The preliminary deal struck between the Canadian-Austrian autoparts group Magna International Inc. and GM's European jewel Adam Opel GmbH has sailed into troubled waters as Magna desires access to GM's global technology for its Russian partners on the deal.
After a series of hectic negotiations, Magna was selected by GM as the preferred bidder for divesting a stake in Opel and a memorandum of understanding (MOU) to this effect was signed by the two sides a month ago.
Under the terms of the deal, Magna along with its Russian ally Sberbank would acquire a 55-per cent stake in the new company with the GM stake reduced to 35 per cent and the remaining 10 per cent controlled by Opel's employees. The state-controlled Sberbank's share has been agreed to be 35 per cent. (See: Opel picks Magna; job cuts loom over European plants)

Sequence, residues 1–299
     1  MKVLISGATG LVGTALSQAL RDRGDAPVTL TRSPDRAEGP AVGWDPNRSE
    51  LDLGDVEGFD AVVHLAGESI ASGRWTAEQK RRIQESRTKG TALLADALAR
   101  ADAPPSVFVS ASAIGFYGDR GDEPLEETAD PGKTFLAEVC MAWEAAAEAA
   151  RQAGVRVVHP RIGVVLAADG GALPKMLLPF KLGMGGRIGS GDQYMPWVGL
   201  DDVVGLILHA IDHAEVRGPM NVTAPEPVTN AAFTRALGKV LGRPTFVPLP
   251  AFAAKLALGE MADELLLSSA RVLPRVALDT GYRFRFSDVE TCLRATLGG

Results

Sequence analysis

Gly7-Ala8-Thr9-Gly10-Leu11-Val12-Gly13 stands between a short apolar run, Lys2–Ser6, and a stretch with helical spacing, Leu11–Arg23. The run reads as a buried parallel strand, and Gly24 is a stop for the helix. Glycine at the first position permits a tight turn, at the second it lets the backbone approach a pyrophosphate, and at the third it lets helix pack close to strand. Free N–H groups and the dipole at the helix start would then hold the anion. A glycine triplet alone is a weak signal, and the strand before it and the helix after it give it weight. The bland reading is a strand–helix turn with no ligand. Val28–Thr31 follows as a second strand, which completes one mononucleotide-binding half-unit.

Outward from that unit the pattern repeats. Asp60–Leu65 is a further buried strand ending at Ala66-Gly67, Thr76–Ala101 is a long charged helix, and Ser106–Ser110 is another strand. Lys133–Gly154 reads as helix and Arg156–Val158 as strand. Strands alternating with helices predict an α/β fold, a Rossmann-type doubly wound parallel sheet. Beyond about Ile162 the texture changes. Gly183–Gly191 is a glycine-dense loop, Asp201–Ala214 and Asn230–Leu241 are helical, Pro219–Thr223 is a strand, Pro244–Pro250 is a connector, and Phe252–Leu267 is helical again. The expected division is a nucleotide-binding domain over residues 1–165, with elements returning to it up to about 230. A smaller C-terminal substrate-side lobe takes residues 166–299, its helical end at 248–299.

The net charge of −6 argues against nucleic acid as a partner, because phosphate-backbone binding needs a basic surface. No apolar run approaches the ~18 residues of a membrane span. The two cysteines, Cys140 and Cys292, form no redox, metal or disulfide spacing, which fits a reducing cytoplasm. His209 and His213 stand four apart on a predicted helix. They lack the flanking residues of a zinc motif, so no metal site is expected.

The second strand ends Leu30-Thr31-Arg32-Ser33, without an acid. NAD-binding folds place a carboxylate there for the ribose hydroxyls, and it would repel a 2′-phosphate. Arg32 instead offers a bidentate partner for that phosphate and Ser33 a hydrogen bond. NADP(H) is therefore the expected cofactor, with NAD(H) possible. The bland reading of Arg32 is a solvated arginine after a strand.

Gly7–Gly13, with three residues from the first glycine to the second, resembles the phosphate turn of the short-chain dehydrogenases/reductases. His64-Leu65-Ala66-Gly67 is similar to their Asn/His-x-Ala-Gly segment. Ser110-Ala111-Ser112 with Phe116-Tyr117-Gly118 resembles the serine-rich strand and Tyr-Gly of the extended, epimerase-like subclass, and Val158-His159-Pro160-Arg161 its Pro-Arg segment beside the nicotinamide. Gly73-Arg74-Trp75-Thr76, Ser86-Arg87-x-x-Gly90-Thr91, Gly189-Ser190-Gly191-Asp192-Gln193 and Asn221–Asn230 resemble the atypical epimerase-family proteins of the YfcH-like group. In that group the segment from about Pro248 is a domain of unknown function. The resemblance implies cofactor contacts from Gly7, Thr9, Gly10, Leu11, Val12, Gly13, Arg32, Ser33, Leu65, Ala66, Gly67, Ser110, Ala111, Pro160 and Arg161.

The negotiations between Magna and GM entered trouble waters as Magna wishes to manufacture Opel-based automobiles in collaboration with Russia's Gorky Automobile Plant (GAZ), using GM's global technology.
GAZ, Russia's second largest automaker located near Nizhny Novgorod, 400km east of Moscow is plagued by lay-offs, production problems and over $1.4 billion debt. The company publicised itself as the ''industrial partner'' of Sberbank and Magna, is looking forward to become a world-class automobile company and increase Opel's market share in the country from 3 per cent to an ambitious 20 per cent.
Magna's chief executive Siegfried Wolf said he is confident to strike a deal to take over Opel by July 15.